The UC-Davis Ethics Conference, Part 7: The Mystery Man Revealed!

At the end of Part Six, we were finally about to learn the identity of the mystery man who’d spoken up at Tim Caulfield’s lecture the night before… and in Part Seven, we finally do…

The man adjusted the microphone and began speaking into it.

“I’m Ted Harata, and I’m a patient advocate,” he said. “I was Patient Eleven in the Neuralstem ALS trial.”

I think I’d known deep down all along who this man was. I knew that there would be patients’ representatives and advocates here; I’d even seen his name on the program. But somehow, I hadn’t connected the name with him. I think the reason was that it seemed impossible for this manic bundle of energy to ever been an ALS patient. ALS meant a rapid physical decline and then dying within two years, or at best ending up a crumpled heap in a wheelchair, like Stephen Hawking. There could be no third option. There had literally never been a documented case of ALS going into full remission. Real remissions just didn’t happen in ALS. People only went from bad to worse to the bitter end, which usually came quickly.

Until now. Maybe.

I listened, trying to grab and hold onto every word that he said.

Ted had first noticed problems in 2010, when he’d had more physical problems after starting to try to get into shape. This might happen to anybody. But when he couldn’t keep up with throwing a ball to his kids in the pool, he knew that something was very wrong. Diagnosing ALS is an agonizing process of elimination; I understood that process all too well, you got to the point where you would rather accept any kind of horrible news than continue to go through the frustration and suspense and lack of answers. His doctor had told him about the Emory stem cell trial that was being run by Neuralstem, and he fit the requirements.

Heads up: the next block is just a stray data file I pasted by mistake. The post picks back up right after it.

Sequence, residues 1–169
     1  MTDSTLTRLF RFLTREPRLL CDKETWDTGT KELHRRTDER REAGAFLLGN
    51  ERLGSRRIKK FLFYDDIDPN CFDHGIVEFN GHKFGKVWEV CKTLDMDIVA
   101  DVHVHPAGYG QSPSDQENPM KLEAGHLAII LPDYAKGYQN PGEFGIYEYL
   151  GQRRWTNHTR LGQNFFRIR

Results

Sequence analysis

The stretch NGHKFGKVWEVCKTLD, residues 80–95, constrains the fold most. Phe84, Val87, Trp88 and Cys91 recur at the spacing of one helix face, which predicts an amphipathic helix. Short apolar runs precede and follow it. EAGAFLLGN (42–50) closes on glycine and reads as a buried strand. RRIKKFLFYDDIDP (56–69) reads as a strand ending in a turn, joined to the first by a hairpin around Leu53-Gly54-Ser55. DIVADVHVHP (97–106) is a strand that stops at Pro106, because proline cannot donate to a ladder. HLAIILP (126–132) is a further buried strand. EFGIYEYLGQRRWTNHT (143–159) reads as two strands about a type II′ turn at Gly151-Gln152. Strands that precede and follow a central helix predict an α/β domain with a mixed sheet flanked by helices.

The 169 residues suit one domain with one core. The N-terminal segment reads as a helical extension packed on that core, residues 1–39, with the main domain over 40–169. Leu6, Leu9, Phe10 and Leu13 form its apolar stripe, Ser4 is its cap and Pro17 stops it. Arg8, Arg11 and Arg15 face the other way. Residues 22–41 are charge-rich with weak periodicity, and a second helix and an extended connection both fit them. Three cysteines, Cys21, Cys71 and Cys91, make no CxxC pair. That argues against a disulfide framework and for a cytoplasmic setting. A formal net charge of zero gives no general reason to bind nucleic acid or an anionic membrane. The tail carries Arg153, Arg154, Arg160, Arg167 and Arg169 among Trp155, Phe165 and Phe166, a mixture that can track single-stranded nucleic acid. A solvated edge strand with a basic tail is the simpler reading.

The trial had gone through two parts out of the three generally needed for FDA approval, and he had been in both. Phase 1 had involved 18 patients; Phase II, 20 patients. The drug was put into the gray matter of spinal cord—another moment when I was glad there wasn’t a slide—and he then spent a week in the Emory hospital. The second time, the procedure had been done on his neck, and there was apparently a third surgery for comparison of some kind, although I wasn’t exactly sure what that had meant.

The improvement, for him, had begun in three weeks. He maintained those gains for over 10 weeks, and the deterioration of the disease had officially slowed.

“I was using a cane, right?” he said, looking around the room as if daring anyone to challenge him. “I couldn’t go up a flight of stairs. And you can see me now.”

We could indeed.

He was telling the truth. He had to know how easy it would be to check out lies or exaggerations; his original condition had been thoroughly documented in the study. And I could see for myself how energetic he was now. He looked ready to run a marathon, with plenty of energy left to bounce off every wall in the building.

Ted had a lot of specific ideas about what needed to be done—and what wasn’t being done. “Everyone involved needs to focus their research,” he said. “We’ve got to work on finding the actual cause of ALS, including genetic testing. We need a world governments’ ban on the patenting of anything developed through government funding.”

I definitely got the feeling that he wasn’t the biggest fan of the FDA and their drug approval process.

“Phase 1-4 trials need to be concurrent,” he said. “Extended access needs to be expanded, and we need to have people doing phase 1 and 2 at the same time. The FDA and companies need to cooperate now.” He paused. “I see the FDA as a hindrance.”